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A tool to read the binarycookie format of Cookies on iOS applications
Python
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murphy murphy
murphy and murphy Readme updated
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BinaryCookieReader.py Binary Cookies forked Apr 11, 2015
README.md Readme updated Apr 11, 2015

README.md

BinaryCookieReader

Cloned from http://securitylearn.net/wp-content/uploads/tools/iOS/BinaryCookieReader.py

##Usage

Python BinaryCookieReader.py [Cookie.binarycookies-file-path]

##Cookies.binarycookies Format

Cookies.binarycookies file is composed of several pages and each page can have one or more cookies. The complete file format is explained below:

###File Format:

  1. The file starts with a 4 byte magic string: cook. It is used to identify the file type.
  2. Next four bytes is an integer specifying the number of pages in the file.
  3. Following that, a 4 byte integer for each page, represents the page size.
  4. Next to that, the file contains the actual page content. Each page is of length corresponding to the page size. Page format is explained below.
  5. The file ends with an 8 byte value and it might be file checksum.`

###Page Format:

  1. Every page starts with a 4 byte page header: 0x00000100.
  2. Next four bytes is an integer specifying the number of cookies in the page.
  3. Following that, a 4 byte integer for each cookie, represents the cookie offset. Offset specifies the start of the cookie in bytes from the start of the page.
  4. Next to that, the page contains the actual cookie contents. Each cookie is of variable length. Cookie format is explained below.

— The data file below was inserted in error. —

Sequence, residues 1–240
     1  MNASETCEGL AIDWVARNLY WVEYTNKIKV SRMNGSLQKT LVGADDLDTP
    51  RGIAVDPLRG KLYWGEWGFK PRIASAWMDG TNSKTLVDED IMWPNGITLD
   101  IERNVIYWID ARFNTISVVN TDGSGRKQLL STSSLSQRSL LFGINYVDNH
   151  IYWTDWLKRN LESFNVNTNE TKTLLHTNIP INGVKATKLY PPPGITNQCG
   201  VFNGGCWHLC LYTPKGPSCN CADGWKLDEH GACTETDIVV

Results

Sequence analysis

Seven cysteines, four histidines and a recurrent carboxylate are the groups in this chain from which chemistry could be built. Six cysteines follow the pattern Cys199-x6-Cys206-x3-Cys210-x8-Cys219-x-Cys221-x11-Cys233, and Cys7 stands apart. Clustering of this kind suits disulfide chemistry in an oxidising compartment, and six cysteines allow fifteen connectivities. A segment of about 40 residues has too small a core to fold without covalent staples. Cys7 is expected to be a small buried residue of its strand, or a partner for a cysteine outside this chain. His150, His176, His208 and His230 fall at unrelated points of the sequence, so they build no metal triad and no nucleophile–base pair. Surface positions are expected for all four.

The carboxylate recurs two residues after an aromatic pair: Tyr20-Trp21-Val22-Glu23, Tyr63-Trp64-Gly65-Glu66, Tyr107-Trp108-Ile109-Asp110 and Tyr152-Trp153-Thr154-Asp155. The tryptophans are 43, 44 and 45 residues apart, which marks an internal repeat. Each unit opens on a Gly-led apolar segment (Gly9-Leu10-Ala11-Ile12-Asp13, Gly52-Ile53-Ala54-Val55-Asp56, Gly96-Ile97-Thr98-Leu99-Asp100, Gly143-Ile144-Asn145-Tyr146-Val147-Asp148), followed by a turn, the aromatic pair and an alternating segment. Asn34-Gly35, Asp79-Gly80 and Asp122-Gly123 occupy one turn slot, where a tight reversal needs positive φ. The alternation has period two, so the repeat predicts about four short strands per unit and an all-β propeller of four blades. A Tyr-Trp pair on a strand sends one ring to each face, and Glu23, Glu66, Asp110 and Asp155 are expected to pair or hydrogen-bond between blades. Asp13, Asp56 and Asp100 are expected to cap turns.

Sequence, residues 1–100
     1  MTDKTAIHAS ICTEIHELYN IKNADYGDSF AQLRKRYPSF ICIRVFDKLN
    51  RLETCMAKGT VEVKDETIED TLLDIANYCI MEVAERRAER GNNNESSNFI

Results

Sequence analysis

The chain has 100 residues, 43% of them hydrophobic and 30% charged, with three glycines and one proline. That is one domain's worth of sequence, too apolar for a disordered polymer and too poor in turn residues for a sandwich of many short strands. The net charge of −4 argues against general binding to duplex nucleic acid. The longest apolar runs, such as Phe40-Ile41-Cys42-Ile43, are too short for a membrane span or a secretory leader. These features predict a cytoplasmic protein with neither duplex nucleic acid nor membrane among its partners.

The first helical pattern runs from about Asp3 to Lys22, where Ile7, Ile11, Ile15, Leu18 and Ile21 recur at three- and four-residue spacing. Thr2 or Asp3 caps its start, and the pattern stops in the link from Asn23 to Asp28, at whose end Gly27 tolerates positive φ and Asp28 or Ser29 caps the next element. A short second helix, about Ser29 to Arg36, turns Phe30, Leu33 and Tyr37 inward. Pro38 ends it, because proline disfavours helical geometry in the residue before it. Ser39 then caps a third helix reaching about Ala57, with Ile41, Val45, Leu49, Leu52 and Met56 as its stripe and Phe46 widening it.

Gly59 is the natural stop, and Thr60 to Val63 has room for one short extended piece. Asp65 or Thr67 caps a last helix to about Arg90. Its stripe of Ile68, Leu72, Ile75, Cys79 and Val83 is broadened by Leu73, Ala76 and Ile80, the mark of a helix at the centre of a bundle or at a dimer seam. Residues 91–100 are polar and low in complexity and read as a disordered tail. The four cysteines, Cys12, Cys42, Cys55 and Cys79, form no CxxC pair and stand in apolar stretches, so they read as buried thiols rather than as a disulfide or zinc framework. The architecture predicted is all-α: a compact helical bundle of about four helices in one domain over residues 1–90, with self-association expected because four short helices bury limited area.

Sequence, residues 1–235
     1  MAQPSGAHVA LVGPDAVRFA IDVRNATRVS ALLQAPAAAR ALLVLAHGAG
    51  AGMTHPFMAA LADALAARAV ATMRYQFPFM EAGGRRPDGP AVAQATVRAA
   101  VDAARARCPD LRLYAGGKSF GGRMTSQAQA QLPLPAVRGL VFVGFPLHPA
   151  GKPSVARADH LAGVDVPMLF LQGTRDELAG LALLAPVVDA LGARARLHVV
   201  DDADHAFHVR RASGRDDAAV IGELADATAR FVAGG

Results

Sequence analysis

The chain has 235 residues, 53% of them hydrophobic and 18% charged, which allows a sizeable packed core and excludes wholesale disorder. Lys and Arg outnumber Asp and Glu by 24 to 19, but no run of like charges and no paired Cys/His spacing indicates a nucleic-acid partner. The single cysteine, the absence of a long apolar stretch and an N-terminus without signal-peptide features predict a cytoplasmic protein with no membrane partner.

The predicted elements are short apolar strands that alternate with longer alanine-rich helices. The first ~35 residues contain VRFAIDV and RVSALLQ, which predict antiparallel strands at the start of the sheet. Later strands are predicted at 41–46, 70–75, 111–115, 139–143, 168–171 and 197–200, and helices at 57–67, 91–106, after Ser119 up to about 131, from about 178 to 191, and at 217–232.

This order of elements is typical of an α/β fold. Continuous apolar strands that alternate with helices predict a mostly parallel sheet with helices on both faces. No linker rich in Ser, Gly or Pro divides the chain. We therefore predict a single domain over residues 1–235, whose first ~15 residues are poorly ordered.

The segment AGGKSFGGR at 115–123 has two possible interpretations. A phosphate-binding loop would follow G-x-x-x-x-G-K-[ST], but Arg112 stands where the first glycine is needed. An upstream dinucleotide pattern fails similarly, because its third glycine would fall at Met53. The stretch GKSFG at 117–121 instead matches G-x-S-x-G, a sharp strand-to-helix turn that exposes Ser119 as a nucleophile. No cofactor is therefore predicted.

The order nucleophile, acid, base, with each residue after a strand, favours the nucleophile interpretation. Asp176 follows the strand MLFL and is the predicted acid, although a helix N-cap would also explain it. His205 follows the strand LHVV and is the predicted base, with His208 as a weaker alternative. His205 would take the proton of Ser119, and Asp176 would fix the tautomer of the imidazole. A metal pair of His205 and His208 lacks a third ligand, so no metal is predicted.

5. Page ends with a 4 byte value and it is always 0x00000000.

###Cookie Format:

  1. First 4 bytes in the cookie is the size of the cookie.
  2. The next 4 bytes are unknown (may be related to cookies flags).
  3. The next four bytes are the cookie flags. This is an integer value (1=Secure, 4=HttpOnly, 5= Secure+HttpOnly).
  4. The next 4 bytes are unknown.
  5. The next 4 bytes is an integer specifying the start of the url field in bytes from the start of the cookie record.
  6. The next 4 bytes is an integer specifying the start of the name field in bytes from the start of the cookie record.
  7. The next 4 bytes is an integer specifying the start of the path field in bytes from the start of the cookie record.
  8. The next 4 bytes is an integer specifying the start of the value field in bytes from the start of the cookie record.
  9. The next 8 bytes represents the end of the cookie and it is always 0x0000000000000000.
  10. The next 8 bytes are the cookie expiration date. Date is in Mac epoch format (Mac absolute time). Mac epoch format starts from Jan 2001.
  11. The next 8 bytes are the cookie creation date.
  12. Next to that, the cookie contains the actual cookie domain, name, path & value. The order is not specific and they can appear in any order.
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